• 2017 Chevrolet Cruze sedan

Road Test: 2017 Chevrolet Cruze Premier Sedan

An Impressive Machine at 40 MPG

I want to get right to the point: I found the 2017 Chevrolet Cruze Premier sedan to be a most impressive machine.  Nicely rendered inside and out, the Cruze performed flawlessly, whether it was in the urban slog or hustling on the freeway.

On top of that, the 2017 Cruze leads the pack when it comes to standard features. Even the base-model Cruze L packs a seven-inch touch screen, support for Apple CarPlay and Android Auto, a rearview camera, Bluetooth, a built-in Wi-Fi hot-spot and parental monitors for teen drivers. Starting at just $16,975, neither the top-selling Honda Civic nor Mazda3 are even offered at that sub-$17,000 price point.

2017 Chevrolet Cruze sedan

Fine details and great fuel economy

The sedan is available in L, LS, LT and Premier trim levels. A new hatchback version hit dealer showrooms last fall and a diesel sedan and hatchback follow this spring.

When fuel efficiency rather than performance is the order of the day, the Cruze gasoline powered car shines bright with a prodigious 40 mpg highway and 30 mpg city EPA rating with an automatic transmission. (The manual transmission is one mpg less.)  This, of course, earns the Cruze entry into Clean Fleet Report’s 40 MPG Club, a club we think every car should be striving to join.

Getting That 40 MPG

2017 Chevrolet Cruze sedan,engine

A small, but mighty turbo punch under the hood

The motivating force is a 153-horsepower, intercooled, turbocharged 1.4-liter inline-four-cylinder engine with direct injection. Quite smooth and quiet for the class, the gasoline-fired four churns out a maximum of 177 pounds-feet of torque over a broad range stretching from 2,000 to 4,000 rpm. The six-speed automatic is programmed to keep the revs low, rarely letting the engine extend beyond 5700. The automatic also comes with an automatic engine stop-start feature to save fuel when the car isn’t moving.

The six-speed automatic is optional ($1,000) for the LS and LT, while the Premier gets it as standard.

The turbocharged four-cylinder may imply a dash of performance, but it’s been tuned more for maximum efficiency.  Still, the zero-to-60 mph time of 7.7 seconds is an indicator that freeway merging or passing is accomplished easily and is on par for the class.

Sleek Outside, Handsome Inside

Fully redesigned last year, the Cruze sedan cuts a sleek hole through the air with a 0.28 coefficient of drag, the result of hundreds of hours in the wind tunnel. It’s a modern and attractive shape, but we’ve seen it before—in the similar-looking Chevy Volt plug-in hybrid. The dual-grille front end is also familiar having been borrowed from the Impala and Malibu sedans.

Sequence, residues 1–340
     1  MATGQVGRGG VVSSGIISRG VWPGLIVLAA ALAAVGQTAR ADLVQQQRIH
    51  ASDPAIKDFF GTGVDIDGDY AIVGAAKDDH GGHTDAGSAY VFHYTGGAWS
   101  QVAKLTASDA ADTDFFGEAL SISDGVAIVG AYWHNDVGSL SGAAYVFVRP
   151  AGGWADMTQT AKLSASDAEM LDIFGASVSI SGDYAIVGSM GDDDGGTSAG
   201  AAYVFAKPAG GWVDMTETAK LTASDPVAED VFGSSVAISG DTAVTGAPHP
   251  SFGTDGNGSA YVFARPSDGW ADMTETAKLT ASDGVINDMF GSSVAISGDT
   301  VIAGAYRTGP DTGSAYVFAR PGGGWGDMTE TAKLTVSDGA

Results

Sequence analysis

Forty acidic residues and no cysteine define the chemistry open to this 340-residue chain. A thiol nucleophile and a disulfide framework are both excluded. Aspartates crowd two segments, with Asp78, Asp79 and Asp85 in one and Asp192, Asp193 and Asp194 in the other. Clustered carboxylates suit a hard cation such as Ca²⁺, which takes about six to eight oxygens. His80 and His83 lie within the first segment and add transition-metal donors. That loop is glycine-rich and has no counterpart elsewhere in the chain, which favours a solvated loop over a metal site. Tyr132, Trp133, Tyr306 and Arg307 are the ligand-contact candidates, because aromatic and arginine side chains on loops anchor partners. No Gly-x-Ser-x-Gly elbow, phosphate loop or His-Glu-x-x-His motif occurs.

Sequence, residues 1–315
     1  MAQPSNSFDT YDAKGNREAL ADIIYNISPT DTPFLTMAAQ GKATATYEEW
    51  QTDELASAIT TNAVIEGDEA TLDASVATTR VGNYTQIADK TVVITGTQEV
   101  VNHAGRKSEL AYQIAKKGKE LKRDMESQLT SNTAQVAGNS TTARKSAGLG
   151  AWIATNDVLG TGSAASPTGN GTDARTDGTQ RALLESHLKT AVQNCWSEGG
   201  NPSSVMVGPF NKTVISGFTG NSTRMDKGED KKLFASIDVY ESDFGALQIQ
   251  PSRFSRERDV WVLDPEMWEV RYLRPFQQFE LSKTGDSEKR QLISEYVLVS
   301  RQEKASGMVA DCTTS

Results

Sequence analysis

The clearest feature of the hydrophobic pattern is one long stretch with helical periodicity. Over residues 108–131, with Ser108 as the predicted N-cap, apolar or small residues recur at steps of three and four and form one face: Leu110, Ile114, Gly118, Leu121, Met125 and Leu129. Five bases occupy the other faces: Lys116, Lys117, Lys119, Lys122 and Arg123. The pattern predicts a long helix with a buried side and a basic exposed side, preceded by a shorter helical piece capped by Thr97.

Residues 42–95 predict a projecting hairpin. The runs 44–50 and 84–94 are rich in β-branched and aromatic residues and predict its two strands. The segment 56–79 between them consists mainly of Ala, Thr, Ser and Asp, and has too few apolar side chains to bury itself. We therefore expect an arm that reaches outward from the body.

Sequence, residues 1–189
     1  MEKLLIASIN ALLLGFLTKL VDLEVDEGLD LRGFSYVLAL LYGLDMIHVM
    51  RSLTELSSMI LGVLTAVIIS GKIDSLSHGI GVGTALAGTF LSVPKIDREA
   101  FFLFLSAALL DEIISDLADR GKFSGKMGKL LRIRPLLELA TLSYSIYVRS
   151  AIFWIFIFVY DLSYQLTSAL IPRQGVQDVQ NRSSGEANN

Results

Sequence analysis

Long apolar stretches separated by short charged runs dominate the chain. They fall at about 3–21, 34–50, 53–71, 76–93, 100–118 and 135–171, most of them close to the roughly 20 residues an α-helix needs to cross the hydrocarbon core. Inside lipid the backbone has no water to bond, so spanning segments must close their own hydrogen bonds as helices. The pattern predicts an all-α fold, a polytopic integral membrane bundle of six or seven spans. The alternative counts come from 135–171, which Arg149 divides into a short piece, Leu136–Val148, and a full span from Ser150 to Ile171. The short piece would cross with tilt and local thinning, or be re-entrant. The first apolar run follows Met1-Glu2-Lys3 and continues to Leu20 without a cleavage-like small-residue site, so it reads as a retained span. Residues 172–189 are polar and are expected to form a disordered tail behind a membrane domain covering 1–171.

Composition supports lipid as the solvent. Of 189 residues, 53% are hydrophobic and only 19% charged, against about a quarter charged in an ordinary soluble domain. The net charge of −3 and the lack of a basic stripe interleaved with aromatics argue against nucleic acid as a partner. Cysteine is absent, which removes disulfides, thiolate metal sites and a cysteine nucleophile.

2017 Chevrolet Cruze sedan

A few borrowed themes, but a great-looking package

The car is low, lean, and distinctly sporty looking. A fast windshield rake and a faster-sloping rear profile lend to the sporty design, while the rear profile culminates in a standard integral rear spoiler that contributes to the car’s aero efficiency. The sleek profile is complemented by detailed, layered line work in the hood and body-side panels.

Step inside the 2017 Cruze, and you’ll find a handsome cabin that’s chock-full of high-tech features. Chevy’s trademark dual-cowl dash layout offers straightforward instruments in a pod in front of the driver and a seven- or eight-inch touchscreen display in the center of the dash on every model. The dash also features a selection of knobs and buttons for quick and easy access to audio and air-conditioning controls, a welcome sight for buyers not yet ready to move to a future comprised of screens alone. The climate controls feel especially premium, with temperature readouts built into the knobs.

Technically the 2017 Cruze is compact in size, but is close to being a midsize sedan. That means it really is a five-passenger car with a generous amount of room in the front and rear. Front seats are well bolstered and are all-day comfortable. Entry and exit is easy even for six footers. If child car or booster seats are part of your everyday life, they are a relative breeze to install.

For the 2017 Chevrolet Cruze sedans, the 14.8-cubic-foot trunk in the L and LS models is larger than most compact sedans. The Cruze’s position among competitors drops slightly for the LT and Premier models, which have a 13.9-cubic-foot trunk—still above average. The trunk has a good-size opening and is wide at the rear. If you need more space, the 60/40 split rear seats easily fold down.

Compact Car Tech King

If you’re smartphone savvy, you’ll be right at home in the 2017 Cruze. Its standard infotainment system integrates with iOS and Android devices via Apple CarPlay and Android Auto.

2017 Chevrolet Cruze sedan

A high level of standard tech on the low-level Cruzes

That gives access to many of your favorite apps right on the Cruze’s 7.0-inch touch screen. This touch interface, known as Chevrolet MyLink, is responsive and straightforward to use. Standard features also include Bluetooth, a USB port, a Wi-Fi hot spot, a rearview camera and Chevy’s Teen that helps parents monitor their teen’s driving performance. Satellite radio is standard in Cruze LT and Premier models. A larger eight-inch touch screen, a Bose sound system and satellite navigation are optional.

A full array of active safety technology is available in LT and Premier models through add-on packages. The basic package features rear parking sensors, blind spot monitoring and rear cross traffic alert. A second package builds off this, adding automatic high beams, forward collision alert, lane departure warning, lane-keep assist and a following distance indicator. A fully-loaded Premier Cruze will top out at close to $29,000—not terribly expensive.